'Don't be lukewarm!' Mathis tells Fruitland grads

by Mike Creswell, BSCNC Staff
  • “I beg you tonight to not become lukewarm,” Greg Mathis, pastor of Mud Creek Baptist Church in Hendersonville, said to Fruitland Baptist Bible College graduates during his baccalaureate sermon during winter commencement exercises on Friday, Dec. 15.

  • Graduates of Fruitland Baptist Bible College serve in a variety of ministries, and President David Horton said, “They all make a difference in the kingdom of God.”

  • Fruitland Baptist Bible College conferred degrees on 40 graduates during winter commencement exercises held Friday, Dec. 15 at the main campus in Hendersonville, North Carolina.

Wednesday, December 20, 2017 | 3 yrs old

Christian ministry got a big boost in late December as 40 men and women graduated from Fruitland Baptist Bible College in winter commencement exercises at the main Hendersonville, North Carolina campus.

Greg Mathis, longtime senior pastor of Mud Creek Baptist Church in Hendersonville, warned graduates against being lukewarm in their ministries in the baccalaureate sermon titled, “Don’t Lock Jesus Out of Your Ministry,” based on Revelation 3. 

Mathis has taught at Fruitland for 37 years and now serves as professor of evangelism and church growth. His teaching has been in addition to his main ministry at Mud Creek Baptist Church, where he has served for 38 years. Mud Creek is one the leading Baptist congregations in western North Carolina.

Graduates crossed a stage decorated with poinsettias and twin Christmas trees to receive their degrees in religion/Christian ministries or certificates or certificates/diplomas in Christian leadership. Some graduates had attended classes at Fruitland’s Rocky Mount and Sylva campuses. Family and friends nearly filled the college chapel for the event, held Friday, Dec. 15.

Fruitland President David Horton described the commencement exercises as a time of worship and celebration. He told the gathering that Fruitland has trained men and women to go out and serve in the Lord’s kingdom since 1946. Those graduates have served as pastors, on church staffs, with Christian organizations and as missionaries, adding “They all make a difference in the kingdom of God.”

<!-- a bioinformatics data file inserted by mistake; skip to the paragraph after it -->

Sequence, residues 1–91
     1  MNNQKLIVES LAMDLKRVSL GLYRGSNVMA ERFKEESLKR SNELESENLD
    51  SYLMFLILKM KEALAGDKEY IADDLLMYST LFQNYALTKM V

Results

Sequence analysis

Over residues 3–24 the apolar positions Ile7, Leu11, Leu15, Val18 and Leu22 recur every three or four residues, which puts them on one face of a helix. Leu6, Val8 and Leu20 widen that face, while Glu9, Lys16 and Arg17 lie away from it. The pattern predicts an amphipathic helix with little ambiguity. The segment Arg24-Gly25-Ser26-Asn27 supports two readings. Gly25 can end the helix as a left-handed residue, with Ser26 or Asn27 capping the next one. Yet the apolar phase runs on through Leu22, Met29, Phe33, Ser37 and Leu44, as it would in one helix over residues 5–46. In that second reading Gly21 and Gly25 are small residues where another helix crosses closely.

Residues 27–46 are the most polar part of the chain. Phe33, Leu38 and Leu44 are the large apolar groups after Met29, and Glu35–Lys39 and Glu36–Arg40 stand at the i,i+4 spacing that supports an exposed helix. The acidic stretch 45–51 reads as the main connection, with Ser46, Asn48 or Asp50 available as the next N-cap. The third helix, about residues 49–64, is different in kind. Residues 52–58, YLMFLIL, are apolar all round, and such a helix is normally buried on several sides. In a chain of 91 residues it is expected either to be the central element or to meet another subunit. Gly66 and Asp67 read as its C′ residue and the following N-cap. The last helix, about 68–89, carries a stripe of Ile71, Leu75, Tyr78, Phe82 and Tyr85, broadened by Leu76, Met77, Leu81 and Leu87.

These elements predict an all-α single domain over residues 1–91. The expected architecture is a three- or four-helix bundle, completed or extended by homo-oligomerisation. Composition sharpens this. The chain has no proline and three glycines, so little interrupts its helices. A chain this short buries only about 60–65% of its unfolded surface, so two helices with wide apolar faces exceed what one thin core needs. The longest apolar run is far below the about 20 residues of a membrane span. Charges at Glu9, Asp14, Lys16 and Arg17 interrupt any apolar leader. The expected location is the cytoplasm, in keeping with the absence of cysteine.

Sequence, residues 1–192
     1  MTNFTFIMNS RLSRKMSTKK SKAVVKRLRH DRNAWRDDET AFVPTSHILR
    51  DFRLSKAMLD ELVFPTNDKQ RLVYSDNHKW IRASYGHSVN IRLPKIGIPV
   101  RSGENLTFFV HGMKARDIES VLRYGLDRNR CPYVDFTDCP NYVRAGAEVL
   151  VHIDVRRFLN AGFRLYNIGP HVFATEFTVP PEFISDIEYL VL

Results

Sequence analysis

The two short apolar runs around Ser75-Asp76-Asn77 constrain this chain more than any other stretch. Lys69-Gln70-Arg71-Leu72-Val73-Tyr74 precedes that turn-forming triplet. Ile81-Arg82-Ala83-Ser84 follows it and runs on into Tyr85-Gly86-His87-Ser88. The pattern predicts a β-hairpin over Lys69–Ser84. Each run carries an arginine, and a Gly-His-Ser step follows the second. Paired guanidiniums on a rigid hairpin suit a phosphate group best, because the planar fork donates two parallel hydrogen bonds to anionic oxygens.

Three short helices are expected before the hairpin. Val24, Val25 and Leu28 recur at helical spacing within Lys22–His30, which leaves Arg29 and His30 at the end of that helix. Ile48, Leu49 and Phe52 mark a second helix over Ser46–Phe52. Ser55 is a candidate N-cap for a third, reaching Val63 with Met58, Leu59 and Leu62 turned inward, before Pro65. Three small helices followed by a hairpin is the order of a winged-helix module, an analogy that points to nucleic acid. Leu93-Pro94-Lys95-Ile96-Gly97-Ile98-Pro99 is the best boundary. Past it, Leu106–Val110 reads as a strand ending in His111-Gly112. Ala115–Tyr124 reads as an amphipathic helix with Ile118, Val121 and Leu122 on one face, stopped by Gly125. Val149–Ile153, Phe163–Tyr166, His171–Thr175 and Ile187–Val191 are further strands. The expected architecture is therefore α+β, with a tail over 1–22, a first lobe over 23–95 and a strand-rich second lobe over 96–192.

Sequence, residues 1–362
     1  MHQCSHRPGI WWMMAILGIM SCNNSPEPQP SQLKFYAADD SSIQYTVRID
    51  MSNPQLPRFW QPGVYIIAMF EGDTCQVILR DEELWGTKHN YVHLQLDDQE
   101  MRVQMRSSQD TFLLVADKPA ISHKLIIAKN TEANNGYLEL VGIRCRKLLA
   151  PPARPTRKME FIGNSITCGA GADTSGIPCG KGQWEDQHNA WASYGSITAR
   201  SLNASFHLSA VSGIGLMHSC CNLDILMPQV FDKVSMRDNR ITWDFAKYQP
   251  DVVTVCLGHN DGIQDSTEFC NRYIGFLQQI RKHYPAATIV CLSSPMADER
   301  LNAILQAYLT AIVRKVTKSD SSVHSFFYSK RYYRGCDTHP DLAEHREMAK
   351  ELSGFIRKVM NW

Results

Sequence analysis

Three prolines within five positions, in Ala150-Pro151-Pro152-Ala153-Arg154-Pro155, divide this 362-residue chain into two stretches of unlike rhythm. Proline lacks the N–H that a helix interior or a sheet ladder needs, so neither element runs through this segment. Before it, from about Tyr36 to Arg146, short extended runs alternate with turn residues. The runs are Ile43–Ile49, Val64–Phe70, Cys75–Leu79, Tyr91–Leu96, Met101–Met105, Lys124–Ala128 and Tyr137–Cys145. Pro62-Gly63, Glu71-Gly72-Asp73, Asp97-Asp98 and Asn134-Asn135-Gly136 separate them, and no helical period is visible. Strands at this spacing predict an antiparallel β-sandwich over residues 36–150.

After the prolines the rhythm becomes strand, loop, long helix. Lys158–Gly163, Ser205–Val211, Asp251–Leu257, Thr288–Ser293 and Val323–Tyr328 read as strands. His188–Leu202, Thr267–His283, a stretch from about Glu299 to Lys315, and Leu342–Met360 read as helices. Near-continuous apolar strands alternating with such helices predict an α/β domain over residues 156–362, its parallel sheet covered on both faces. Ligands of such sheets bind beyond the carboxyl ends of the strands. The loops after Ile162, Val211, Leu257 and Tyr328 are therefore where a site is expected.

Mathis said the church at Laodicea described in Revelation 3 was the only one in which Jesus is described as being outside the church, looking in and undecided on whether He will enter. Jesus had only condemnation for that congregation, Mathis said.

“Literally, He was so nauseated, He was about to throw up,” Mathis said. “From the outside the church looked successful, but Jesus said they made Him sick.

“If you leave out of here tonight and become lukewarm in your ministry, Jesus wants no part of that.”

Mathis said the lukewarm reference likely referred to two nearby sources of water, one hot and one cold, but both were lukewarm by the time they reached Laodicea in New Testament times.

Mathis contrasted the screaming and excited fans at football, basketball, golf and auto racing events with the responses of Christians at church.

“Yet we come into church and we are so nonchalant and we are so unmoved and untouched by the preaching of the gospel! How in this world can we explain that in light of who we represent tonight?” Mathis said to loud “amens” from the congregation.

“I think what Jesus was saying is, how in this world did I leave everything in heaven and come down here in the form of human flesh? How could I face what I faced? How could I do what I did? How could I follow those steps to the cross? How could I hang there on the cross for your sins? How could I save you from hell? How could I pay your penalty and purchase a place for you in heaven? How could I defeat death, hell and the grave and the devil? How could I do that? How could I arise from the grave and ascend into heaven and how could I be on my way back one of these days to get you — and that somehow you would grow lukewarm over that message?” Mathis said.